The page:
ACROSS BOUNDARIES by Mamphela Ramphele


The Journey of a South African Woman Leader
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 A heartfelt though sometimes ungainly memoir of politics and passion in South Africa. Even if she hadn't been a prominent anti-apartheid activist, Ramphele would still have lived a remarkable life. Born in the rural Northern Transvaal, frustrated by poverty, poor schools, restrictive cultural mores, sexism, and racism, she overcame all these obstacles to become one of the first black women admitted to medical school. South African universities in the 1960s were hotbeds of anti-apartheid activism, and Ramphele soon gravitated toward the black-consciousness-inflected SASO (South African Student Organization). Here she worked with many emerging leaders, including Steve Biko, with whom she fell deeply in love. Though they were both married to others, their affair continued as they graduated to full-time activism. When Biko was banned, restricted to King Williams Town, Ramphele moved nearby and opened a medical clinic for the poor. Her account of the conflicts between the personal and the political, between love and activism, is unusually honest and deeply moving. After she became pregnant with Biko's child, everything seemed to fall apart. She too was banned, sent far away, to a small, dusty village. Then Biko was arrested and murdered by the security police. The shock of his death almost cost Ramphele the baby, and she was incapacitated with grief for months. Eventually, she realized that the best way to heal herself was to continue to fight. She began another clinic and ran it for many years until she was unbanned. Free at last, she moved to Cape Town, earned a Ph.D. in anthropology, and was appointed deputy vice- chancellor at the University of Cape Town. While Ramphele does tend to slip into anthropology-speak and her post-Biko years are described with a certain flatness, her strength, courage, and decency always shine clearly through. (17 pages b&w photos)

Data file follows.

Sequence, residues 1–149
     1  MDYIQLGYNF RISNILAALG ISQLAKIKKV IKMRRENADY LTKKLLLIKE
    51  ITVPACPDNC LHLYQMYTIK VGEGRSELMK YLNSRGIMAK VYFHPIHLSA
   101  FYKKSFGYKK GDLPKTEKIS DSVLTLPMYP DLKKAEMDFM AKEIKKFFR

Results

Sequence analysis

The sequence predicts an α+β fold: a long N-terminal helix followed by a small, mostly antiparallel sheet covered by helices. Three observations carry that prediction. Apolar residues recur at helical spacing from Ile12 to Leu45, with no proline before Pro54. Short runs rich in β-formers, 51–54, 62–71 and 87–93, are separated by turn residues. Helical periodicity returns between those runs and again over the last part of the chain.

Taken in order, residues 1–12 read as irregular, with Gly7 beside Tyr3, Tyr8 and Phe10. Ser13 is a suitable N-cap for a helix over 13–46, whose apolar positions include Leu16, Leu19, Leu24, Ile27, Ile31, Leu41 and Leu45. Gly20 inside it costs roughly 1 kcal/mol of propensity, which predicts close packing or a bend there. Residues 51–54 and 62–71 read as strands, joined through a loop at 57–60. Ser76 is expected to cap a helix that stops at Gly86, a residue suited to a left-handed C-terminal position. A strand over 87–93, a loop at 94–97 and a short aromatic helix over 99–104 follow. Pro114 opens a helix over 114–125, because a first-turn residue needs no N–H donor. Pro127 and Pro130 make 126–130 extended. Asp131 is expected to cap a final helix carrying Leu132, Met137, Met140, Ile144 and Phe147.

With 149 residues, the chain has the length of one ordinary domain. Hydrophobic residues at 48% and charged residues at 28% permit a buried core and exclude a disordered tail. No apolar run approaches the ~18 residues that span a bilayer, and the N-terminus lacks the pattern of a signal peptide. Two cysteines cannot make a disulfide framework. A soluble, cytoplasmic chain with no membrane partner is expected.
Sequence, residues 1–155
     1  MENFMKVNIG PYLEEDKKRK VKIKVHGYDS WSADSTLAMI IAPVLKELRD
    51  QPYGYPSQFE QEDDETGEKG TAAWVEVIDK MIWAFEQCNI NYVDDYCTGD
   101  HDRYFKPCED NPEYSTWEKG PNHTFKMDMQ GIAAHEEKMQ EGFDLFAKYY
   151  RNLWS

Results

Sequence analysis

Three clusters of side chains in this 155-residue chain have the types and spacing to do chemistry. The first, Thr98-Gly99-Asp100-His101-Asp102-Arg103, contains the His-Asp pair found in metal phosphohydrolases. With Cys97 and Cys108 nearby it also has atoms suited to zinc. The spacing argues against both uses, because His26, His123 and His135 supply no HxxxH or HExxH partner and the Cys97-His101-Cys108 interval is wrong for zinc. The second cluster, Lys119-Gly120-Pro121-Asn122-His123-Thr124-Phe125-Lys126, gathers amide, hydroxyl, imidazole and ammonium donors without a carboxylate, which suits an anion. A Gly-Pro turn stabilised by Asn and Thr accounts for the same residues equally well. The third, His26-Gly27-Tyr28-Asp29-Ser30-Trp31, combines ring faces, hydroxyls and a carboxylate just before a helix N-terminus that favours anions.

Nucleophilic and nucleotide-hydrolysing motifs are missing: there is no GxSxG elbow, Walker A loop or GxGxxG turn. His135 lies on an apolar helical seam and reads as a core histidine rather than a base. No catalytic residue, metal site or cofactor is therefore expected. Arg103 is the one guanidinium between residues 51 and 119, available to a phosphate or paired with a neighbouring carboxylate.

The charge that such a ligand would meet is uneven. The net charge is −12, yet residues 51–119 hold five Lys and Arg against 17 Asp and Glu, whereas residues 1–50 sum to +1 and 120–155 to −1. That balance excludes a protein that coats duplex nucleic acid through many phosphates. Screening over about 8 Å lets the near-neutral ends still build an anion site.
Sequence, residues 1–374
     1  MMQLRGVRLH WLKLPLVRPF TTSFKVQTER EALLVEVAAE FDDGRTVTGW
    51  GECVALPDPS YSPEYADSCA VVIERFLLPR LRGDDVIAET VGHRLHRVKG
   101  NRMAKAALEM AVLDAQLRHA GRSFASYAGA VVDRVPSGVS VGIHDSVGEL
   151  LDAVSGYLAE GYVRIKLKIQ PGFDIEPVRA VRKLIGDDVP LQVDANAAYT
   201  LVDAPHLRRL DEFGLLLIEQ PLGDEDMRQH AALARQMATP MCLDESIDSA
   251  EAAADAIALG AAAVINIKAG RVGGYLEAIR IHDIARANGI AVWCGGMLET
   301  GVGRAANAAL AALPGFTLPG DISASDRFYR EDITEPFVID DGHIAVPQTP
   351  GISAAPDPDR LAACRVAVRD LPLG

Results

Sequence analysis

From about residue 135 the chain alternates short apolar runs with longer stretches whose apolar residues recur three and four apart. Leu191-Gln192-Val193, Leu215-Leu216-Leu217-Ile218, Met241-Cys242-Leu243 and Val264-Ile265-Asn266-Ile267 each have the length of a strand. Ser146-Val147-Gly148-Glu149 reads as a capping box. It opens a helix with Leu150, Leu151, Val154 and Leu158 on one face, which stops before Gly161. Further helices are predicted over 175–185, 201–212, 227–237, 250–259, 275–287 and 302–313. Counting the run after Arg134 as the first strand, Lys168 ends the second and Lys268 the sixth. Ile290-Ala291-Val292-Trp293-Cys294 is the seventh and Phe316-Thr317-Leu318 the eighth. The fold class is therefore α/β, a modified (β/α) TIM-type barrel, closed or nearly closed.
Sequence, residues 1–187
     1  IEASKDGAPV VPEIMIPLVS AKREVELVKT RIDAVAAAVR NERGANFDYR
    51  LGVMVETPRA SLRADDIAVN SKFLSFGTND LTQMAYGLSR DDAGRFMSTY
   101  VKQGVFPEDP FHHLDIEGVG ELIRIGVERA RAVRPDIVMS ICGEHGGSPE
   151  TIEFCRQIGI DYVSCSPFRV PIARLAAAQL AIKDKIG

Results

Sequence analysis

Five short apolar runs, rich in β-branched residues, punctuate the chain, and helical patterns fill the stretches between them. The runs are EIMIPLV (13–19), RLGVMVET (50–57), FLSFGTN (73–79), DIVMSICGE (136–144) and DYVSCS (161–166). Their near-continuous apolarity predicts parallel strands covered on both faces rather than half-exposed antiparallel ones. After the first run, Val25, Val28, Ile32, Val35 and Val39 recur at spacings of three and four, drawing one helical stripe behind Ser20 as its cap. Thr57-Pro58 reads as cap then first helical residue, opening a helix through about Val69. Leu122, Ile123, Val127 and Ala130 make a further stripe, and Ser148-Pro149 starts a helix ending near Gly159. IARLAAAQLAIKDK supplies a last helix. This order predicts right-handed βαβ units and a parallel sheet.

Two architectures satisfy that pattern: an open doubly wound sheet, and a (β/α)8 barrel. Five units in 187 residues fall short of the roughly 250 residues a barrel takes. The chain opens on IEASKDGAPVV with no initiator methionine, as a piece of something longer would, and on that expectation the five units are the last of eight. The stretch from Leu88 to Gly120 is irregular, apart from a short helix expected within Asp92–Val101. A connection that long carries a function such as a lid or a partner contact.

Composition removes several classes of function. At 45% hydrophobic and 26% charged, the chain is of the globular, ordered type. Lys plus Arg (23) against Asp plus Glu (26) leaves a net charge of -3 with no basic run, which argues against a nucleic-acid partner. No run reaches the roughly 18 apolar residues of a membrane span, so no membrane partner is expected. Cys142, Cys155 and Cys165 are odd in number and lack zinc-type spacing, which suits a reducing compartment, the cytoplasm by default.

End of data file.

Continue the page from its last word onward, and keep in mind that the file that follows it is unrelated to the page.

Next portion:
Pub Date: Feb. 28th, 1997
ISBN: 1-55861-165-7
Page count: 288pp
Publisher: Feminist Press
Review Posted Online:
Kirkus Reviews Issue: Jan. 1st, 1997